Monday, July 7, 2008

Fast Thoughts - The Week of 7/2/08

DOCTOR WHO #5 - You know, this is the first issue that didn't have me groaning at the presence of Martha. This is, coincidentally, also the first issue where there weren't any moments of forced romantic tension between her and The Doctor. But that's my hang up and doesn't really have any relevance to the story.

Apart from that... I dunno. It's not that this is a bad comic. But it just seems to drag compared to the TV show and the original comics currently being reprinted in DOCTOR WHO CLASSICS. It doesn't feel like Doctor Who, to me. It feels like an overly decompressed comic that just happens to have a character called The Doctor, who travels around time and space.

Still, I'll probably pick up the advertised The Forgotten Doctor Who special that is coming up, if only to see how an "official" Ten Doctors story stacks up compared to the fan-made fan-fiction comic The Ten Doctors.

FABLES #74 - Another "how they did it" issue, where we have the full details of The Free Fables war on The Adversary and his forces spelled out for us. No pun intended there as the major brunt of this issue - dealing with the invasion of the Imperial City itself - does involve a spell. I won't say more, though I suspect that at this point you all are either already reading this book as attentively as I am or you are wishing I would stop saying that you SHOULD be reading this book.

SAVAGE TALES #8 - Hamlet is widely regarded as the greatest of Shakespeare's plays and indeed the greatest play written in the English language. And yet, like everything in this wide world, it is infinitely improved by a woman in a scale-mail bikini.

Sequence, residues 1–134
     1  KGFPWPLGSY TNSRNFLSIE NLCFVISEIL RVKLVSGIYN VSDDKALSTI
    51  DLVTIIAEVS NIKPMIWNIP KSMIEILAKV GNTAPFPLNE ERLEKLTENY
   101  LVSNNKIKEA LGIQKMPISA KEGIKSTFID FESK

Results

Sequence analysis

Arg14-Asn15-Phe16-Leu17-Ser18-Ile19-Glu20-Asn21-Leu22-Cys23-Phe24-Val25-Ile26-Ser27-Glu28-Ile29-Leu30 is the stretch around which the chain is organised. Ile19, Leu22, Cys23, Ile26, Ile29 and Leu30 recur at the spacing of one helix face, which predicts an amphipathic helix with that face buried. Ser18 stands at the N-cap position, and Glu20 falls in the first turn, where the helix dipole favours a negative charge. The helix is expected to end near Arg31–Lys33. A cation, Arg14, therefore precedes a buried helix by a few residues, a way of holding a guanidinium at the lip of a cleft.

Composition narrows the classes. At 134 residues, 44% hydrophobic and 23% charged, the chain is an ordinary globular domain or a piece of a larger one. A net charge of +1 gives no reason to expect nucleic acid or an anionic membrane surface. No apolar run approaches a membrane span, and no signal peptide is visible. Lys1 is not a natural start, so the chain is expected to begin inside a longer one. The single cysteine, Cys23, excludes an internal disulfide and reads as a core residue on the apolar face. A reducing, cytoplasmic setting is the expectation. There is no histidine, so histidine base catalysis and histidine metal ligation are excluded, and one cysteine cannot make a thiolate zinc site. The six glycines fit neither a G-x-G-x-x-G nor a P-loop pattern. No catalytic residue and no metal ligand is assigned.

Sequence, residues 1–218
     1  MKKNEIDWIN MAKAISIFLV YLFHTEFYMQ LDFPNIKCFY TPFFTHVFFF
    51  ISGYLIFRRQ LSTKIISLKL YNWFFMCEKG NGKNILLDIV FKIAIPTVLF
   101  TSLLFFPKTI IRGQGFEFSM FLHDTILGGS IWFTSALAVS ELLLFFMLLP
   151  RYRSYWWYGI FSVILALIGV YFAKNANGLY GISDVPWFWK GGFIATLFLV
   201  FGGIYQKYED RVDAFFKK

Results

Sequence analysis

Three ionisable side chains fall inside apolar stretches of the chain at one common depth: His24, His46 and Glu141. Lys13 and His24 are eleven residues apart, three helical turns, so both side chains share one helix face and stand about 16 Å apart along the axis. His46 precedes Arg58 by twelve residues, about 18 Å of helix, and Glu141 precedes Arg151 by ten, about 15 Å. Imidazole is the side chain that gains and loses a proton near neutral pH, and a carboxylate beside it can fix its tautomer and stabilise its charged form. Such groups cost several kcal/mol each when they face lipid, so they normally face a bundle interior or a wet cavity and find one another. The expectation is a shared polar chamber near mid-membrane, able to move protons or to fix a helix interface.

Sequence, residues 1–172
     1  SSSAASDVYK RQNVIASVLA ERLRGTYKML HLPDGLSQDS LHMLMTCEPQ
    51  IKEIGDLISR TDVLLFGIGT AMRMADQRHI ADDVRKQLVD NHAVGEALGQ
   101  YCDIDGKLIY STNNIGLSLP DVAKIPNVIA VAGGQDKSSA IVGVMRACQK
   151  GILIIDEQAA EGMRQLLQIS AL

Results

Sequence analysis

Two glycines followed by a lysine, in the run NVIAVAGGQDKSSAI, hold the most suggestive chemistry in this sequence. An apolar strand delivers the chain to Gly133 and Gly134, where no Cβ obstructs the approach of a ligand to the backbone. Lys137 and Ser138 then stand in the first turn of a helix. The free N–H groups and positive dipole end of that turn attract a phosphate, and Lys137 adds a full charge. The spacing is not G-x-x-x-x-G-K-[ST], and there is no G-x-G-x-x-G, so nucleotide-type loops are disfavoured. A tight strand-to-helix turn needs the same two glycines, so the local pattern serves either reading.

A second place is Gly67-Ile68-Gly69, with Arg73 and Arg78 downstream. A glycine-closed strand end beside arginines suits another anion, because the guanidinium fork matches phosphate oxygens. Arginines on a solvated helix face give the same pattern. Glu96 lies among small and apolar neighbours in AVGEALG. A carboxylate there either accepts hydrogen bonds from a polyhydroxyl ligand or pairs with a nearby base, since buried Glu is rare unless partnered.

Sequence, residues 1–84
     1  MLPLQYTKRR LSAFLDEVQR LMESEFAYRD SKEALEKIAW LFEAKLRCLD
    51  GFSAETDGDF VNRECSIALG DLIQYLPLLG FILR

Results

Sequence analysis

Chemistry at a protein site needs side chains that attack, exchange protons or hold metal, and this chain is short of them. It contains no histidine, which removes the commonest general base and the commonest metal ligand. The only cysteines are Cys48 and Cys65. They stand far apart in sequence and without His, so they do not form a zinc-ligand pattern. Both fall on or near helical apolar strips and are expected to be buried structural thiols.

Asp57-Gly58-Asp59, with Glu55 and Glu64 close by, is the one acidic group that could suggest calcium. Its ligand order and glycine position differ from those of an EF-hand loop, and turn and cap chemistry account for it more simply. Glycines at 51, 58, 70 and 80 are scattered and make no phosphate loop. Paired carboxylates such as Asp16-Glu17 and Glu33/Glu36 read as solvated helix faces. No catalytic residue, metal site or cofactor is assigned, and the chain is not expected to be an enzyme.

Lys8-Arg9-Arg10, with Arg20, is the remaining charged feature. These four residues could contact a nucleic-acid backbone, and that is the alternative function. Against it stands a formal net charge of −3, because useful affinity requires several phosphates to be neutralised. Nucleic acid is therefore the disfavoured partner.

In all seriousness, the opening story - in which Red Sonja visits a place much like Elisnore Castle - is an amusing spin on the habit of many pastiche writers to take a classic story and alter the heck out of it to make it into something fit for the sword and sorcery genre. Still, if one can get Forbidden Planet from The Tempest, why not Hamlet into Momento Mori? Even if the influence is obvious, one must give Vito Delsante credit for the conceit that the king's ghost was not really the king's ghost, but the ghost of his jester - getting revenge for his mistreatment in life by making his leige's son kill his entire family in the name of false vengeance.

The rest of the issue is made up of the familar back-ups of classic pulp literature. Another story on the Atlantis of Kull. The next part of an Alan Quartermain story. And for you fans of the monthly Red Sonja book, there isa story of Osin; the one-handed bard and his efforts to save the world on his own in the wake of Sonja's death which is easily the best thing in the book.

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